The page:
Student Veterans Center

Post 9/11 G.I. Bill - Chapter 33

The Post 9/11 GI Bill is the most common VA Education Benefit in use at Xavier. Eligibility for the Post 9/11 GI Bill is determined by time in active duty service on or after September 11, 2001. 36 months of active duty service earns 100% of the benefit, but as little as 90 days of aggregated service can qualify a Veteran for 10%. When using this benefit the Student Veterans Center works directly with the VA to receive payment for tuition and fees. Students receive a book stipend and housing allowance at the end of each month that they are enrolled in classes. 


  1. Apply to Xavier University
  2. Apply for Post 9/11 G.I. Bill benefits, once your application has been approved by the VA, you will receive a Certificate of Eligibility (COE) by mail
  3. Upon being admitted to Xavier, schedule an appointment with the Veterans Advisor, Spencer Rumley, to schedule courses (undergraduate students only, graduate students should contact their program director or academic department for guidance on scheduling courses)
  4. Provide a copy of the Certificate of Eligibility (COE) to the Veterans Advisor, Spencer Rumley either by email or hand delivery (If you have previously used VA Education benefits at another university/college, please complete VA Form 22-1995 Request for Change of Program or Place of Training, if you are switching from Vocational Rehabilitation to Post 9/11 G.I. Bill, please have your Vocational Rehabilitation counselor notify the St. Louis regional processing office that your Vocational Rehabilitation case has been closed)
  5. After you have scheduled courses, complete the VA Education Benefits Enrollment Request Form available on the Current Students page

Am I eligible for Post-9/11 GI Bill (Chapter 33) benefits?

You can get these education benefits if you meet at least one of the requirements listed below.

At least one of these must be true:

  • Served at least 90 days on active duty (either all at once or with breaks in service) on or after September 11, 2001
  • Received a Purple Heart on or after September 11, 2001, and were honorably discharged after any amount of service
  • Served for at least 30 continuous days (all at once, without a break in service) on or after September 11, 2001, and were honorably discharged with a service-connected disability
  • Are a dependent child using benefits transferred by a qualifying Veteran or service member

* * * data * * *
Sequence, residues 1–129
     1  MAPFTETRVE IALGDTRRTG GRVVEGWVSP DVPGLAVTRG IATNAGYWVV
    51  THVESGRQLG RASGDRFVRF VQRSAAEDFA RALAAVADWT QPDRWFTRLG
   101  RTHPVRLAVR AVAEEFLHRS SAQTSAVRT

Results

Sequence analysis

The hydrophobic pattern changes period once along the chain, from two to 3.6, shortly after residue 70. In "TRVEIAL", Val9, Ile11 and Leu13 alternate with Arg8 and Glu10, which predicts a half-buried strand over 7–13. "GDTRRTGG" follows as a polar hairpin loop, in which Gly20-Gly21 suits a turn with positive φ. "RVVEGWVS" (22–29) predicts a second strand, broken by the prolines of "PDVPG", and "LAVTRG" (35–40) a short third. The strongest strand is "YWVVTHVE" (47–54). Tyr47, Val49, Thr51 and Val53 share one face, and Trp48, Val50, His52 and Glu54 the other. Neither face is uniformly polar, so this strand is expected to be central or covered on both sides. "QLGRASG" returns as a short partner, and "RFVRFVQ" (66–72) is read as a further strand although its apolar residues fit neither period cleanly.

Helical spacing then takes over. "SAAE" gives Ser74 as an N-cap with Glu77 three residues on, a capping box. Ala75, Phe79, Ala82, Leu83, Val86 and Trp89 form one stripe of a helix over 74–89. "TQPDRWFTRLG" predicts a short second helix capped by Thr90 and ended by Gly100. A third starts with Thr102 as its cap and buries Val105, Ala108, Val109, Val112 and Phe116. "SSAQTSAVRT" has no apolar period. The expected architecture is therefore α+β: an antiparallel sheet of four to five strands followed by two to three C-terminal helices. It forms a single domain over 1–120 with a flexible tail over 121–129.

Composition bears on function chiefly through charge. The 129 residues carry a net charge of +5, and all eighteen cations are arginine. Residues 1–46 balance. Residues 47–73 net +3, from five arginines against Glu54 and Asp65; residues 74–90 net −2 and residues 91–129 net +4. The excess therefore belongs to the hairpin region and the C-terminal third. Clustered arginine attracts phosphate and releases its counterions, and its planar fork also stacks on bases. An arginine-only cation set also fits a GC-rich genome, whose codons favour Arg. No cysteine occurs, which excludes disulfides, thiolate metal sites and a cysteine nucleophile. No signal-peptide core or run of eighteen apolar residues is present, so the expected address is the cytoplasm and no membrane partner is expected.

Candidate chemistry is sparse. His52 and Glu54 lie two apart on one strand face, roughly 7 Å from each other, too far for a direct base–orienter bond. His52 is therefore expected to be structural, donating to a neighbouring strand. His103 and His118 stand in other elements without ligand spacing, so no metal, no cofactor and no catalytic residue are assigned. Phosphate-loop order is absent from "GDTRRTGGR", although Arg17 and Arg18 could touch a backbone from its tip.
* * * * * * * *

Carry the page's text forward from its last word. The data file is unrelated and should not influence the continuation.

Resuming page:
Note: If you’re a member of the Reserves who lost education benefits when the Reserve Educational Assistance Program (REAP) ended in November 2015, you may qualify to receive restored benefits under the Post-9/11 GI Bill.

What if I qualify for other VA education benefits too?

You’ll have to pick which benefit you’d like to use. This is an irrevocable decision, meaning you can’t change your mind.


You can receive up to 36 months of benefits, including:

  • Tuition and fees - If you qualify for the maximum benefit, the full cost of public, in-state tuition and fees is covered, the rate for private schools, such as Xavier University, is capped; those rates are updated each year
  • Money for housing - Your monthly housing allowance is based on the cost of living where your school is located.
  • Money for books and supplies - You can receive up to $1,000 per school year.

Determine how much of the benefit you’ll qualify for:

The specific amount you’ll receive will depend on how much active service you’ve had since September 10, 2001. This amount is calculated based on a percentage of the maximum benefit.

Do these benefits expire?

This depends on when you were discharged from active duty.

If your service ended before January 1, 2013, your Post-9/11 GI Bill (Chapter 33) benefits will expire 15 years after your last separation date from active service. You must use all of your benefits by that time or you’ll lose whatever’s left.

If your service ended on or after January 1, 2013, your benefits won’t expire thanks to a new law called the Forever GI Bill - Harry W. Colmery Veterans Educational Assistance Act. Some letters you receive from us may not yet reflect this change. Thank you for your patience as we work to update our systems.


Learn more about the Post 9/11 G.I. Bill